Eva will be five on Wednesday! Five! So to celebrate, here are some pictures from a steam railway we visited last month. Eva loved it, and it took me right back to my first job down the local pit back in ’89, when I would smell the steam from the mine’s tank engine as I walked up the lane every morning. Bliss.

Within seconds of arriving the engine shocked her with a big wheesh, but once she got used to all the tooting Eva began to study the soot on her hand and the horses and cricketers we were clickety-clacking past. This was the Chinnor to Princes Risborough railway, and the whole experience was as perfect an English Countryside postcard as I’ve ever seen. Kites of the carniverous kind circled above us, on the lookout for fieldmice, and the steam & sunshine combined to throw us all half a century back in time. 

It was a rural idyll I found hard to leave, but then I am 40, and nostalgia is edging into my reality like vaseline on a lens. I’m watching ‘Butterflies’ on G.O.L.D. as we speak, for God’s sake, just for an injection of 80′s stasis. Yep, I want the world to stop – if not reverse - so I can keep up, but maybe Eva can help with that in an odd way. She’s just called me for one of our very rare phone chats. ”I love you” she sing songs, and my heart puddles. She’s a very guileless girl, and her autism will probably keep her that way. Autistic kids tell it like it is, and that can be as tactless (“you’re very fat”) or as beautiful as anything you can imagine. ASD preserves their innocence more effectively than any TV rationing. Would I want to change that? Would I trade a ‘normal’ Eva for a Spectrum Eva? It’s a pointless hypothetical. Eva is Eva. But, on the 9th June, scientists made a breakthrough that could eventually lead to a ‘normalising’ treatment, and it’s a breakthrough that finally traces the cause of Autism to its genetic foundation.

Basically, boffins used to expect our DNA to contain two copies of each gene – one from each parent. But now it appears that we can have more than two copies – three or four, in fact - and be missing some genes entirely. These are called ‘Copy Number Variations’ (or CNVs) and they can have a significant effect on biological function. Deletions of specific genes have been associated with the risk of prostate cancer, for example, while duplications have been linked to Crohn’s disease. Doctors are so excited because a cure could eventually be as simple as correcting a gene variation. As well as cancers, it could also potentially eradicate neurological ‘defects’ like schizophrenia and autism.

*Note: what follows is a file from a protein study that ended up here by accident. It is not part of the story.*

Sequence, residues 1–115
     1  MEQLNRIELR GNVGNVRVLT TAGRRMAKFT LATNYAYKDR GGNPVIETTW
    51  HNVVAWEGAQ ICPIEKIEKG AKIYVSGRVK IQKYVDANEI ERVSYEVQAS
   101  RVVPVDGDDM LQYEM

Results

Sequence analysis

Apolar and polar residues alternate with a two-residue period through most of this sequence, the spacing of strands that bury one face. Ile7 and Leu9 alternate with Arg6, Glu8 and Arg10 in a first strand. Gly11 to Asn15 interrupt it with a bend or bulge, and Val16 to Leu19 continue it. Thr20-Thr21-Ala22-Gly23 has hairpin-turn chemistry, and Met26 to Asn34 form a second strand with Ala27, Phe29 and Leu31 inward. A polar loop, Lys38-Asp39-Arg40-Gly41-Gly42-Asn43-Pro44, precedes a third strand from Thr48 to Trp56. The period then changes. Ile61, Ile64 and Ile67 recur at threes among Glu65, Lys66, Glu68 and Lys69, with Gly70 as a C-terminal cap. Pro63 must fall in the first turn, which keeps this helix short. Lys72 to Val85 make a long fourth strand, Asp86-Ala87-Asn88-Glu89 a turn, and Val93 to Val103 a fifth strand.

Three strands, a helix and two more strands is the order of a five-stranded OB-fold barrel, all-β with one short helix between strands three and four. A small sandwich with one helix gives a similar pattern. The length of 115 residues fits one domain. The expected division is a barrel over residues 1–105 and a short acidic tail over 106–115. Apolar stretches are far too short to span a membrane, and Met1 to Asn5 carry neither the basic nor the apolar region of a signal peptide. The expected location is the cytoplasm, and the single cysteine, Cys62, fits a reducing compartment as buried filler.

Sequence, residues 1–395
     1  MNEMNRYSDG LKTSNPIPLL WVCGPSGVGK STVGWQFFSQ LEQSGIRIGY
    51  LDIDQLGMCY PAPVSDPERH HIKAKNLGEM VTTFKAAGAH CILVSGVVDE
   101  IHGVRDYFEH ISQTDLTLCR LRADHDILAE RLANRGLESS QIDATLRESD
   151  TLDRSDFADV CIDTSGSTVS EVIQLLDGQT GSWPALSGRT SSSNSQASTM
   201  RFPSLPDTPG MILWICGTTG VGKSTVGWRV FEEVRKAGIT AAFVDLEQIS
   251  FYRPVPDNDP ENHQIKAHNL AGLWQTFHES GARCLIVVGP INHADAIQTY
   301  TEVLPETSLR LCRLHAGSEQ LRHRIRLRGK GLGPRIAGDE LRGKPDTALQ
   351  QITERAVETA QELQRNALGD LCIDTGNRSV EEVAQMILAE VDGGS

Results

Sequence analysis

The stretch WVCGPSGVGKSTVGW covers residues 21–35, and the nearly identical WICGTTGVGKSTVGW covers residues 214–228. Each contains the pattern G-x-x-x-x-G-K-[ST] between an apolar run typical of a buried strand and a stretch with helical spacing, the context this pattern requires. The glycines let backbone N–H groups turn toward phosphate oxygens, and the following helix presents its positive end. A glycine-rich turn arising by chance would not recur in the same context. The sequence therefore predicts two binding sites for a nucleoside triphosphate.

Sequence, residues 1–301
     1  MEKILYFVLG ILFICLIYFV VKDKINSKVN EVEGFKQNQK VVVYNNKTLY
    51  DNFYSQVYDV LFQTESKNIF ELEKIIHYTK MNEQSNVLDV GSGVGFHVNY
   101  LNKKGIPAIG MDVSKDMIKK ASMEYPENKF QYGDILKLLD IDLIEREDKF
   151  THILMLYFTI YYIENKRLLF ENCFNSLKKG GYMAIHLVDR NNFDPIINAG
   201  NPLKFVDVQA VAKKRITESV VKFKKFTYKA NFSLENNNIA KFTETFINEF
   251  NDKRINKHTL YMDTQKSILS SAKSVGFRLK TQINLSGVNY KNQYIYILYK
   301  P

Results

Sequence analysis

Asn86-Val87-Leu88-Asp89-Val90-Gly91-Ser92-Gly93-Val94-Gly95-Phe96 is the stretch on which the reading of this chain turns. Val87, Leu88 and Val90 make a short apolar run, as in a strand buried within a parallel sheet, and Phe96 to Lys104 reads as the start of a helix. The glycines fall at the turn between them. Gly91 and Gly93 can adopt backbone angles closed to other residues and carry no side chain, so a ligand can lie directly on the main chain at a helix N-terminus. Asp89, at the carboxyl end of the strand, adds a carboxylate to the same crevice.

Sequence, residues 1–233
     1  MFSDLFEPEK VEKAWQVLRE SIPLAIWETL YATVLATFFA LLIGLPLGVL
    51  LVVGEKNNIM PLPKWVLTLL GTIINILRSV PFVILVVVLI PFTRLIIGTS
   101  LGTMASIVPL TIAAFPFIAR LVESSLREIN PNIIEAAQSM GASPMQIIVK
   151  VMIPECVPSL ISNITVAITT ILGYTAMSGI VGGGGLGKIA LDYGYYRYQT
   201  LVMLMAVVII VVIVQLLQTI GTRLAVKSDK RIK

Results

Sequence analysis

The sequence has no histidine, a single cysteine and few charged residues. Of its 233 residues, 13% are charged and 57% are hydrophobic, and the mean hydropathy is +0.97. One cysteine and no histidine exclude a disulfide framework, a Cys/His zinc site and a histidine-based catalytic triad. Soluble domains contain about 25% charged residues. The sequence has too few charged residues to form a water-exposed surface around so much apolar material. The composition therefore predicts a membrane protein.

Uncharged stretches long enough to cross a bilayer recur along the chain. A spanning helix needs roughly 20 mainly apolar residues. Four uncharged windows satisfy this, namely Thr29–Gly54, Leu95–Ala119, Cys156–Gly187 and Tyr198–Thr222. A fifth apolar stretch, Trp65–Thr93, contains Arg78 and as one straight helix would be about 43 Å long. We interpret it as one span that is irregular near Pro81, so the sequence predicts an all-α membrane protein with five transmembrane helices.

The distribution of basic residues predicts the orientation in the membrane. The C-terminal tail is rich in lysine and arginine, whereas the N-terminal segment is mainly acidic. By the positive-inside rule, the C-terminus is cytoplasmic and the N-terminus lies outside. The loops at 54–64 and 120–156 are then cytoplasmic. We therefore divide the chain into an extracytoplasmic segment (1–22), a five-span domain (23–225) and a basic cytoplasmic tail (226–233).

They’ve discovered that autistic people have up to 20% more CNVs than normal, and that most of these are not copies of parental genes; they’re what scientists call ’de novo’ - brand new genetic material. It means children on the spectrum are genetically more unique, but it also means that autism might be inherited in only a minority of cases. Most of the time it’s originating in the autistic child, with no parental link whatsoever.

They were also able to track autism to a specific region of chromosome 16 that deals with neurodevelopment. Individuals with a CNV in that exact area are 100 times more likely to be autistic.

Last month’s report built on this by identifying new ‘autism susceptibility genes’, some of which belong to ‘synapse-related pathways’, while others are involved in ‘cellular proliferation, projection and motility, and intracellular signaling’. I have absolutely no idea what these are, but they’re known targets that could easily lead to the development of new treatments, as well as effective tests that should, once and for all, eliminate the lengthy behavioural analysis that plagues current diagnosis.

So. Progress. And a kick in the teeth to the anti-vaccine brigade. But the question remains: what would I say if they ever isolated what makes Eva who she is and asked me if I’d like to eliminate it? What would Eva say herself, if she were aware? Would we trade all her originality for a ‘normal’ life with a husband & kids she might not want and a job she might never like? Even now, at school, everyone looks at her like a wonderous oddity, capable of saying anything at anytime to anyone – unfettered and free in a way that feels unreachable even to her peers. Her solitary play may make her vulnerable to bullying, but I think her classmates are aware that she’s almost brutally devoid of machinations – that she cannot see the unwritten laws of the playground and so is apt to stamp all over them to get what she wants or protect those she considers friends. She is a beautiful law of nature.

Would I ever let that uniqueness be washed away by a jab? Never. Happy Birthday my love.